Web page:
Broadside of rosbif sparks meaty debate

15th October 2010 at 01:00
France A British teacher's attack on the harsh elitism of the Gallic education system has hit some raw nerves across the Channel

As a Parisian by adoption, Peter Gumbel should have known better than to lecture his hosts on the state of their education system.

If there is something the French deplore more than government mismanagement of public services, it is hearing an Anglo-Saxon upstart telling them where they have gone wrong.

It is not hard to see why: if the French cheerfully admit to being among the world's biggest moaners, what need do they have for an outsider to do the moaning for them?

But Gumbel, who lectures at the venerable Sciences Po - the Institute of Political Studies - steamed ahead with his provocatively titled On acheve bien les ecoliers ("They Shoot Schoolkids, Don't They?").

It is a scathing attack on what he calls the harshness of the French school culture, an elitist system producing high rates of failure. Gumbel describes a constant fear of humiliating criticism that induces feelings of worthlessness among pupils so afraid of seeming foolish that they avoid participation in classroom discussion.

Since he works in French education, and has children who attend school in France, Gumbel must feel on safe ground with his criticisms, which go beyond my own French acquaintances' complaints about the bourrage de crane, or relentless cramming.

Given the in-built mistrust towards meddling foreigners, it is inevitable that Gumbel should face a sharp burst of Gallic indignation. Evidence of a backlash is not too hard to find.

In one online discussion, an apparently Leftish teacher notes that the author - "who has never set foot in a French school" - has made the smart commercial move to time publication with the rentree, the start of the academic year when huge national attention is focused on education.

The teacher adds: "He echoes the views of the OECD, an ultra-liberal organisation that interferes shamelessly in the affairs of states and whose aim is to smash public services, notably the French model."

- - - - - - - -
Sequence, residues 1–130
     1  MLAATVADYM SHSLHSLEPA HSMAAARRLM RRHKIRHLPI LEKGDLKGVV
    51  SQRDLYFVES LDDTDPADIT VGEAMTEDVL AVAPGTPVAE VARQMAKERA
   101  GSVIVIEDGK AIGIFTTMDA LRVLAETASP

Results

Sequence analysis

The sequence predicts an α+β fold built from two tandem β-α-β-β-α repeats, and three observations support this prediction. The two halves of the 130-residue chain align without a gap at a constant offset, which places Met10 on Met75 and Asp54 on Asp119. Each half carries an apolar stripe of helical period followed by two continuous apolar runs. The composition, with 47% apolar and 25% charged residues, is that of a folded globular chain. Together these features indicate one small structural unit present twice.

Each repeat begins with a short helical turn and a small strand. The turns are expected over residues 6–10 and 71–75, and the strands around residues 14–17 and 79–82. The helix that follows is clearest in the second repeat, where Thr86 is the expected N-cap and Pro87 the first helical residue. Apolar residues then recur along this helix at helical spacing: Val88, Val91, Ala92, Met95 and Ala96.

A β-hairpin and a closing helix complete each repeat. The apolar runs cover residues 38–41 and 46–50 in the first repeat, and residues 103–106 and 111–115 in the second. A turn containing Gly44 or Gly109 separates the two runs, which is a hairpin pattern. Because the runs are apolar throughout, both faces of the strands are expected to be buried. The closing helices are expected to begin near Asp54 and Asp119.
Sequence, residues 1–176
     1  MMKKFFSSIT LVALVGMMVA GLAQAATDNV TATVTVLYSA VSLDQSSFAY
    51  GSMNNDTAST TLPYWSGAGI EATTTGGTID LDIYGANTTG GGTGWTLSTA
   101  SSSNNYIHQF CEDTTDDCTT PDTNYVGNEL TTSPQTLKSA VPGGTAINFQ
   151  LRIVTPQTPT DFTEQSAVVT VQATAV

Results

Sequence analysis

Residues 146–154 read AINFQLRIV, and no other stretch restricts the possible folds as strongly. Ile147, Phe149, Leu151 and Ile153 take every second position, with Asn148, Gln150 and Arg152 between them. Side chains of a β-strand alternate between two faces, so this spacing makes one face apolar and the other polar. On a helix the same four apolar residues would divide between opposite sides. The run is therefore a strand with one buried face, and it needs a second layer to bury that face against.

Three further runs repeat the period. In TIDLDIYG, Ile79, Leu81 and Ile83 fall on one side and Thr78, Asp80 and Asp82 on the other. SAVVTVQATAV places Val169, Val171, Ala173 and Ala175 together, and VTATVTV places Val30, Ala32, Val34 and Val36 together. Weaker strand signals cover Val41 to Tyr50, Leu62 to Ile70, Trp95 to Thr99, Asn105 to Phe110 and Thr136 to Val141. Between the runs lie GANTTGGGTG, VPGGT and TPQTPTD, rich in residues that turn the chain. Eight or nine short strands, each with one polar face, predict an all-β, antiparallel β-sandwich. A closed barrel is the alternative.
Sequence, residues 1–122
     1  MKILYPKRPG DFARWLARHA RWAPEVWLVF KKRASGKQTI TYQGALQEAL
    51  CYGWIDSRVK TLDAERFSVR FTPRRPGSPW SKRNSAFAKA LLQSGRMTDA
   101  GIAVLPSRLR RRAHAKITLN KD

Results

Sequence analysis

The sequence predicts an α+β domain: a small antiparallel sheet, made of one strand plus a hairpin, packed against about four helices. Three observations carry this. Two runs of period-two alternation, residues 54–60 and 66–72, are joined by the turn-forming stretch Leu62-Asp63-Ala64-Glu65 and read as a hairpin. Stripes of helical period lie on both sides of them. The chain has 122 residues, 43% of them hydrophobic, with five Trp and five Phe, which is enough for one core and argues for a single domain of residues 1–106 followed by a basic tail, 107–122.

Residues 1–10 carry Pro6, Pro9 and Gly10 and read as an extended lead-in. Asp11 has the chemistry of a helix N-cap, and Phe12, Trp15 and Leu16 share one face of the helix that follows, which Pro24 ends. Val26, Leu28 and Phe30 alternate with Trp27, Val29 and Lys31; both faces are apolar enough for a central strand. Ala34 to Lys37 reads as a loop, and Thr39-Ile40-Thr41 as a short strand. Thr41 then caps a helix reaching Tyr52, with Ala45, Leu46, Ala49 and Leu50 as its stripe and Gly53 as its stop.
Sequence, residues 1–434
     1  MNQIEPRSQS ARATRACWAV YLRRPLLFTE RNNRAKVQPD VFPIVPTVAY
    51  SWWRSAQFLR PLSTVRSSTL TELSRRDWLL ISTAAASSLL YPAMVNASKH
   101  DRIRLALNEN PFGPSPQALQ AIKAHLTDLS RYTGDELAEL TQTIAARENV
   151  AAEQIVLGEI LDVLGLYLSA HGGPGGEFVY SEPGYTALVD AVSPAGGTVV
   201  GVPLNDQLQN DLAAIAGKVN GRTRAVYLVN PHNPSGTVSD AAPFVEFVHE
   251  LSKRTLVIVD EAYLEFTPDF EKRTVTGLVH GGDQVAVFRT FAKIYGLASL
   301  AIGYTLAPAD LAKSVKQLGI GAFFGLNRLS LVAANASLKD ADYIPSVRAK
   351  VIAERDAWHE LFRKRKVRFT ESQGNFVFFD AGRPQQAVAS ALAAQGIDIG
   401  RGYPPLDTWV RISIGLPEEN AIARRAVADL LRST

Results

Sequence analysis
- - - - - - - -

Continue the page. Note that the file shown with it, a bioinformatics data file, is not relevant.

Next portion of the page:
But what do we find when we look elsewhere? Not just a little grudging praise, but serious approval; plenty of French people happen to agree with Gumbel.

As if to anticipate the critical teacher's point, a contributor to another internet forum, where readers were invited to put questions directly to the author, asks whether he realises that "the entire public service will spit on you because you have told the truth about teaching in France".

In several publications and on phone-in shows, the response has been favourable. Gumbel himself welcomes the level of support he has received from education unions and analysts.

Amid all this goodwill, it is almost reassuring to find another voice of dissent.

Commenting on another glowing report on the book, on the website of the conservative daily Le Figaro, a reader recalls studying for two years at a British university where elitism was far stronger than in France and there was staggering ignorance among fellow students, some believing "Himalaya to be a single mountain in America and France to be a dictatorship".

In some quarters, it seems, the normality of Anglo-French discord prevails.

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